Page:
Wednesday, November 16, 2011

Children of the Corn

Attempting to work my way through a back catalog of classic horror films, I found myself viewing the original Children of the Corn starring Linda Hamilton. For those that do not know, the movie was loosely based on a Stephen King short story of the same name and is set in the quaint (fictional) Nebraska town of Gatlin.

One particular year, the town’s corn harvest is sparse and after the citizens pray for divine assistance a creepy boy preacher named Isaac appears. He then takes all of the children into the cornfields to meet “He Who Walks Behind the Rows.” Upon their return from this corn summit, the youth massacre all of the adults and take over the town continuing to sacrifice any adults unfortunate enough to pass through.
Despite its well-deserved reputation as the most frightening film to feature malevolent produce, I was unable to understand why this is considered a horror classic. Firstly, when Linda Hamilton and her boyfriend are driving down a Nebraska highway and hit a child standing in the street, their first instinct is to toss his lifeless body into their trunk and drive around looking for help. Now I realize that vehicular homicide laws have evolved over the years, but generally speaking it is unwise to cross state lines with the corpse of a child in your car because that tends to look suspicious to a jury.

Secondly, this idea of a self-governed collective of fanatical pre-teens living in a rural setting is not all that frightening. In fact, once they eradicate everyone old enough to rent a car, the kids seem to embrace discipline and structure. They avoid unnecessary recreation, willingly attend religious services, and observe a centralized (albeit satanic) command structure. The resulting community is akin to a really violent chapter of Future Farmers of America.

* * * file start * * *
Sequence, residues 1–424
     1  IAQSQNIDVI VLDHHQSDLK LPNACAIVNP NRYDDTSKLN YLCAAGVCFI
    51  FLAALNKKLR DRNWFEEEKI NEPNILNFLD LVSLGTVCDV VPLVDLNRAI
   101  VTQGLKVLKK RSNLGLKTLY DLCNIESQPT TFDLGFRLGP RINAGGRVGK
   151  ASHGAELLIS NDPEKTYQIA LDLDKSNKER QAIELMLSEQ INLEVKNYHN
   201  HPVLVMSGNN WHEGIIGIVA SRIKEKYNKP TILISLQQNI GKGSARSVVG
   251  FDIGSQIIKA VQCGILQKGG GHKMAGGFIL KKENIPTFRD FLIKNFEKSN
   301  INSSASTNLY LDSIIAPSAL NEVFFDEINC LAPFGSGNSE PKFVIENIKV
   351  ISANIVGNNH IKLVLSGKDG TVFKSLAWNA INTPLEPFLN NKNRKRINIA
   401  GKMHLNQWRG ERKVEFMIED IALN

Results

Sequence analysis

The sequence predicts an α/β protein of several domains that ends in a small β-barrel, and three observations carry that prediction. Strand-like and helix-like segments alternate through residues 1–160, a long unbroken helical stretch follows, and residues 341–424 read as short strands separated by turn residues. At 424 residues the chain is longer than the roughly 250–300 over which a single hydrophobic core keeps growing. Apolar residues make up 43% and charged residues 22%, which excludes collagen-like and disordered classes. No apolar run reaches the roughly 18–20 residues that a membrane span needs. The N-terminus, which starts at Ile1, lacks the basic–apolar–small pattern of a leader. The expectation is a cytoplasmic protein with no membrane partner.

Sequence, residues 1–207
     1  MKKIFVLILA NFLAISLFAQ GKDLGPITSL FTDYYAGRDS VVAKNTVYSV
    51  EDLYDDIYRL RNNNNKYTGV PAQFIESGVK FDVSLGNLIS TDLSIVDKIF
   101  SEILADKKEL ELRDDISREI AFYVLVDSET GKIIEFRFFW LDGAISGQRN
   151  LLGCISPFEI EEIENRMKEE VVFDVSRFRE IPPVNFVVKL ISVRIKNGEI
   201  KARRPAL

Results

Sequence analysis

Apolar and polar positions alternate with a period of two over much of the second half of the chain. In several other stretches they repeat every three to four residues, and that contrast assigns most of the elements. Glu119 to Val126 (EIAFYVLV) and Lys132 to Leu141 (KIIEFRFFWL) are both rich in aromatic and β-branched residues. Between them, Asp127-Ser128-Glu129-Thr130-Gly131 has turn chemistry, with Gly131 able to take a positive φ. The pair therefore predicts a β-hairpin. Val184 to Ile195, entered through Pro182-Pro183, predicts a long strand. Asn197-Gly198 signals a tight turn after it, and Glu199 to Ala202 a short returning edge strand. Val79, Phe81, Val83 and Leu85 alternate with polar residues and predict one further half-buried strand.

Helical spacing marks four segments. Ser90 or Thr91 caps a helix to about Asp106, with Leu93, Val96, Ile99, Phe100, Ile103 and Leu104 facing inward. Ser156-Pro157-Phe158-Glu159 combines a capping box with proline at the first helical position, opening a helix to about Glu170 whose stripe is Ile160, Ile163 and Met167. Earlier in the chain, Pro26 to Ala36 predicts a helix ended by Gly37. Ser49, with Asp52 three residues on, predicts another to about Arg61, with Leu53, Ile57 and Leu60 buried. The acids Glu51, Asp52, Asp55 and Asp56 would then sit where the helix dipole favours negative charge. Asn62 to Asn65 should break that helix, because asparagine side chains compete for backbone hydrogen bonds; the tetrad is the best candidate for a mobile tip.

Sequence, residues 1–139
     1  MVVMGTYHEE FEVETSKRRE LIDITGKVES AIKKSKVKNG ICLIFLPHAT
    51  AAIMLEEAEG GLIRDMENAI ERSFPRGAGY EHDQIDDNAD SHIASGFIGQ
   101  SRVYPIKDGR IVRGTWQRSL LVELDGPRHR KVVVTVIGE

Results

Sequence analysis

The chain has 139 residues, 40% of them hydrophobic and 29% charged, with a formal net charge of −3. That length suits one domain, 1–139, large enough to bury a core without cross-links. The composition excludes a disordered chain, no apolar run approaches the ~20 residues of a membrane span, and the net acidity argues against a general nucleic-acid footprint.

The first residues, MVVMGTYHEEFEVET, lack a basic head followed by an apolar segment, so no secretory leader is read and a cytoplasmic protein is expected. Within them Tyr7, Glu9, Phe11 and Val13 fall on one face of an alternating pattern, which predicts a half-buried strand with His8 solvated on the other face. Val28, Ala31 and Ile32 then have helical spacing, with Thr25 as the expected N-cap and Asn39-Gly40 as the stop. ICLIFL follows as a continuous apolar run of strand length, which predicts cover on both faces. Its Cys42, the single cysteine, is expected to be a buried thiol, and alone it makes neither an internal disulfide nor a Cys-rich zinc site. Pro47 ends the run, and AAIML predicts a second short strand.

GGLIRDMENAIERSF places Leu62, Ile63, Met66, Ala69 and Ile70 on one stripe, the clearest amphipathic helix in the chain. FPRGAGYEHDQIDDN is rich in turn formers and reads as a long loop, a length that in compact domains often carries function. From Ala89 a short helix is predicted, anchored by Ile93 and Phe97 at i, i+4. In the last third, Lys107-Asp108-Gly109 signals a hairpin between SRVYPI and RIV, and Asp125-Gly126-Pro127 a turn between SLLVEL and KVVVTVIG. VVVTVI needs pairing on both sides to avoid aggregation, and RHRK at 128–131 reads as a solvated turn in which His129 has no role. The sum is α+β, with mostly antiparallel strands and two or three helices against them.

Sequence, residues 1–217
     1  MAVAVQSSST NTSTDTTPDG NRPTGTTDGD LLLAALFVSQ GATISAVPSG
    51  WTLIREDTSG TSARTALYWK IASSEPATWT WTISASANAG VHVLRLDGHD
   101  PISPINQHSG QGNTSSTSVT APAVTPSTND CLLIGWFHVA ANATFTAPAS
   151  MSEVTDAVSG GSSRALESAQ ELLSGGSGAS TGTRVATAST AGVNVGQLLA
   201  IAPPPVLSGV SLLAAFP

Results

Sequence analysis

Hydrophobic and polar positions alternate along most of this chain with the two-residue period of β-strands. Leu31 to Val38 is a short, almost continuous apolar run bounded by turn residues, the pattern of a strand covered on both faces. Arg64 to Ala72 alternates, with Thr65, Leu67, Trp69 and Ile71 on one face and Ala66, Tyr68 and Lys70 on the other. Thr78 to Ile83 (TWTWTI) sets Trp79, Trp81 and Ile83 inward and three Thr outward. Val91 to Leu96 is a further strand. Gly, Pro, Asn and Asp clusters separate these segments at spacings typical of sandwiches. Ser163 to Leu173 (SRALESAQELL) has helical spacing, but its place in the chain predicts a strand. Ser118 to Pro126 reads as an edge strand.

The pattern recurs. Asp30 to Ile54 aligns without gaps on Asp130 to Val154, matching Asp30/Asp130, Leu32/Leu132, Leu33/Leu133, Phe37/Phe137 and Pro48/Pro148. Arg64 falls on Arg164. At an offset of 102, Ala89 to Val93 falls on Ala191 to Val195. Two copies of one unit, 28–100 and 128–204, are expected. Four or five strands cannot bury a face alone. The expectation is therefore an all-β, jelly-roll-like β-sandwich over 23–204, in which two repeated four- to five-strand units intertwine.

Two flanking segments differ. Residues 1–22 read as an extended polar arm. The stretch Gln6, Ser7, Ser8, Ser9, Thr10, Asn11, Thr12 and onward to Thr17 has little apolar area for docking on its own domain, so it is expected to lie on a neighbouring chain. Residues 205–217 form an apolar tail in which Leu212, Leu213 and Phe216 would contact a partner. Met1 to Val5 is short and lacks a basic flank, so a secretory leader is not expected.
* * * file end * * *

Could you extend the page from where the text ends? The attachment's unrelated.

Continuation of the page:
As the movie progresses, we learn that once a child reaches the age of nineteen they are called into the field by “He Who Walks Behind the Rows.” Thanks to this “agricultural draft” program, Pappa Corn doesn’t have to worry about establishing social programs to support an aging congregation. The downside, of course, is that no one is old enough to drive into Omaha and pick up beer for the homecoming dance.

While we never see the film’s vegetable-based deity, there are several shots of soil being tunneled from underneath suggesting that the city’s adult population was murdered at the request of an ill-tempered groundhog. Grand-master maize also requires all adults to be crucified on an apparatus comprised of repurposed corn stalks and husks. It is unclear whether this design was chosen for its environmental sustainability or simply because he was unwilling to take the chance of the kids unionizing once they learned carpentry.

In the end, “He Who Walks Behind the Rows” was defeated when the two main characters set the corn field on fire. What an anticlimactic resolution. You mean to tell me that a demonic entity powerful enough to override the free-will of two dozen Midwestern white kids was overcome by a controlled crop burn? How bad can a supernatural antagonist be when it can be vanquished with the combination of sustained drought and an errant firework? If your reign of terror is that susceptible to arson, you’re on borrowed time anyway.

The film has spawned seven sequels to date with ridiculous names like Children of the Corn III – Urban Harvest and Children of the Corn II– The Final Harvest. Unbelievably, these movies featured several well-known thespians including Naomi Watts, David Carradine, and Eva Mendes. 1995’s Urban Harvest was even the film debut of Charlize Theron.

King’s original story succeeded because it focused as much on the crop’s sense of seclusion as it did the inherent evils of ethanol. Corn fields are uniquely frightening because their height and density creates a sense of isolation regardless of their proximity to civilization. Even Field of Dreams did little to convince me that a cornfield was a welcoming environment. Let’s face it nobody is going to kill their parents because “He Who Meanders through the Cotton Patch” commands it.

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